Optomechanics – Non-Structural Solid Mechanics


I was in the Boston area recently to teach one of my day-long classes in optomechanics.  It was terrific to meet with an enthusiastic group of engineers.  I introduced them to a number of technical issues that they probably did not encounter in their college or university days.  One of those issues was “non-structural” solid mechanics.

There are aspects of the optomechanical design arts that fall into an academic “chasm” that lies somewhere between structural engineering and mechanical engineering.  Structural engineers study the behavior of “structural materials” that are thought to be safe for civil applications (office buildings, railroad bridges, aircraft).  Mechanical engineers may be introduced to the behavior of structural materials but also must study other topics such as machine design, heat and mass transfer, vibration theory and thermodynamics that are necessary to understand their industrial applications (automobiles, escalators, power generation). 

Optomechanical design often calls upon a variety of “civilly” un-safe materials (glasses and elastomers for instance) that may be incompletely characterized and not well understood or appreciated by either structural engineering (which tends to avoid them) or mechanical engineering (which may be largely unaware of their limitations). 

In my classes I attempt to bridge this chasm by introducing the available science for these non-structural materials.  The “strength” of glass is one topic and the “stiffness” of elastomers is another.  They make an interesting pair in that they both are considered “brittle” materials requiring some knowledge of fracture mechanics while elastomers may also require a large-displacement elastic theory which has never been fully developed.  Fun stuff.

Yes, rubber is a brittle material!

I look forward to seeing you in San Diego at the end of the month… and while you’re there don’t forget to drop by SPIE’s bookstore to peruse my new book, The Optomechanical Constraint Equations:  Theory and Applications.  I wrote it just for you.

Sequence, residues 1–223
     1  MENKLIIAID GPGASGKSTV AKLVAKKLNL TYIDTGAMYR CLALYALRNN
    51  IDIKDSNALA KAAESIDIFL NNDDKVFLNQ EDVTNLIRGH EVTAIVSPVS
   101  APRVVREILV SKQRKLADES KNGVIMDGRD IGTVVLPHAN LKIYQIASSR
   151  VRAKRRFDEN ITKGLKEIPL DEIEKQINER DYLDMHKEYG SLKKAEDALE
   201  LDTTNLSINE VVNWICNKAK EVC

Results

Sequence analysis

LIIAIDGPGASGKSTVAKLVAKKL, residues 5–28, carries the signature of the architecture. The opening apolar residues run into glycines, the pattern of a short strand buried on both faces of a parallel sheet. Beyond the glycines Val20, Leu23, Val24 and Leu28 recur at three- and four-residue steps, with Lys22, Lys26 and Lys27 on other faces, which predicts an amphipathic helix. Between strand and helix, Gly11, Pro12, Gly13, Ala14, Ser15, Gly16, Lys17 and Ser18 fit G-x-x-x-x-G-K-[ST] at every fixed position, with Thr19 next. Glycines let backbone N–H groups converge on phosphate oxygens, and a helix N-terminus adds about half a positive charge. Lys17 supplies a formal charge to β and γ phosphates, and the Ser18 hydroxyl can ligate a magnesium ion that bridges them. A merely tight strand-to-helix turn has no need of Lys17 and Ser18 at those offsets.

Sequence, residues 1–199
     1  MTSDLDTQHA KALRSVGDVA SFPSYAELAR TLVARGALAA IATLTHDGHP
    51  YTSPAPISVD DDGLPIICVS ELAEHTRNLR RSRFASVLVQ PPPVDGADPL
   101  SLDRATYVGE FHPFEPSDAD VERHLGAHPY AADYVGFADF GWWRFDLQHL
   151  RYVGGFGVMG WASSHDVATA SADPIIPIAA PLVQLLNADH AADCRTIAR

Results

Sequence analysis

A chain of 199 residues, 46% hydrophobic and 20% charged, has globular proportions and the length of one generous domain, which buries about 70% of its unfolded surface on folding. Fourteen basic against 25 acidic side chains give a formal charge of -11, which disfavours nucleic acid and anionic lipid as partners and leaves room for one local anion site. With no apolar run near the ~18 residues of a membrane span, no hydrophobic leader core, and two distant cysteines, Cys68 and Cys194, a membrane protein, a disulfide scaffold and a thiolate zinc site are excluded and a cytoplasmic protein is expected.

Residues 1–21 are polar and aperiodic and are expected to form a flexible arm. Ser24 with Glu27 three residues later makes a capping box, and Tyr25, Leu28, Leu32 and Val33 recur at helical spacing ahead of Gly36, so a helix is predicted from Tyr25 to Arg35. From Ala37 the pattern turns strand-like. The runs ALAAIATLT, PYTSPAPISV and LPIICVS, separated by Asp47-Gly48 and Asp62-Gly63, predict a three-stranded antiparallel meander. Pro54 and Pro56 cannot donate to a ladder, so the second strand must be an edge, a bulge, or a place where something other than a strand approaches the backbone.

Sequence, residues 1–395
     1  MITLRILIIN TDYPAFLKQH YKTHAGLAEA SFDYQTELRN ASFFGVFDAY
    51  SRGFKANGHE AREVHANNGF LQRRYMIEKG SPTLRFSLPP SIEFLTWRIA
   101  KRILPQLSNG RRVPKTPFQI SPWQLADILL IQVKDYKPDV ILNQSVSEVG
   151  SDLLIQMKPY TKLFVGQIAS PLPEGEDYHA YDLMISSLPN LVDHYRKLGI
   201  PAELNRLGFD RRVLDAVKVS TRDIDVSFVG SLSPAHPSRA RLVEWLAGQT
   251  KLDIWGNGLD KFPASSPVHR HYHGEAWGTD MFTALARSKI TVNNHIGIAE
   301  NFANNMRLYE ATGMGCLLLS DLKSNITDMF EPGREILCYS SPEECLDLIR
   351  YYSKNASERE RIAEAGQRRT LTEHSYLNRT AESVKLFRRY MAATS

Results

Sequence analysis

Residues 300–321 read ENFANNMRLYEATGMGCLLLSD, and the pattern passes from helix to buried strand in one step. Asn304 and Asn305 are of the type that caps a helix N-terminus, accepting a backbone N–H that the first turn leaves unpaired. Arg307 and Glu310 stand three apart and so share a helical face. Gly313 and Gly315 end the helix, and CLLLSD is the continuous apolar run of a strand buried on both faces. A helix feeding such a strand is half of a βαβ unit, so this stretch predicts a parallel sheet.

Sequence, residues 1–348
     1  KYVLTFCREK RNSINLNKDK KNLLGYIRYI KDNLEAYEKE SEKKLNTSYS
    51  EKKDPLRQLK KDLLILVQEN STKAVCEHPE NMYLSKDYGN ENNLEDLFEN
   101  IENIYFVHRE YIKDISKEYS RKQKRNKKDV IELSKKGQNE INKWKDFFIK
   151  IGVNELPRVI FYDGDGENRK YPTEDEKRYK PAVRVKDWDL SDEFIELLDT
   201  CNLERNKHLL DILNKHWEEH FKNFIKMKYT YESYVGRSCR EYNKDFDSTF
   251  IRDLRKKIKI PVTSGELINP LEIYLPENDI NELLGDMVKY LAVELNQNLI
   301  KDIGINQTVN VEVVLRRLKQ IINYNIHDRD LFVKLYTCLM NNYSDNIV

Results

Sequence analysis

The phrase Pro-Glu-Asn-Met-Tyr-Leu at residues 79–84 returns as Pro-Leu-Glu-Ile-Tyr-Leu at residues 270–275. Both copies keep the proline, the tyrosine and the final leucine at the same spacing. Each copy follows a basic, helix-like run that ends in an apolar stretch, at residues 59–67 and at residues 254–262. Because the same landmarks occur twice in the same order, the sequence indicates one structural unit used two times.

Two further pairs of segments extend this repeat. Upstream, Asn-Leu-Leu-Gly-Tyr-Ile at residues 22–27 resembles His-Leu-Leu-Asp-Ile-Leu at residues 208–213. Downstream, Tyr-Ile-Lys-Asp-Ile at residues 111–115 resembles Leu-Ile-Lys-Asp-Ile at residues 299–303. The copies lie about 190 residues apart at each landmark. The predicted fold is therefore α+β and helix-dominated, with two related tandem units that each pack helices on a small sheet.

See you all there!

Al H.

Optomechanics – Membrane Properties

Dear Colleague:

AEH tested, with a client, the ability of metal foils and polymer films to form membranes with optically useful surfaces such as cylindrical conic sections (SPIE:  5494-50, 2004).  AEH subsequently explored the concept using non-linear structural solution sequences in MSC/Nastran. 

AEH’s study identifies trade-offs among the material properties, dimensional properties, initial conditions and loading.  It also provides the optomechanical engineer design tools to minimize the surface figure errors in real, non-idealized, clear apertures.  For instance, compensate for defects in the membrane such as non-uniform thickness, variable properties and non-planar initial membrane shapes.

AEH:  Cutting-edge engineering for cutting-edge systems.

Al H.

Optomechanics – Elastomeric Mounting of Mirrors


Please allow me to complete the discussion of my engineering tool for elastomeric mounting of mirrors.

So, according to my previous missive, the elastomer reduces the shear stresses on the back face of the mirror by two to three orders of magnitude compared to a rigid adhesive.  That’s all well-and-good but how do we know that it’s good enough?  Of course those of you who have picked up the source reference (SPIE: 6665-03, 2007) know the answer.  You also know why there are no dimensional quantities (inches, millimeters, etc.) for the mirror in my equation,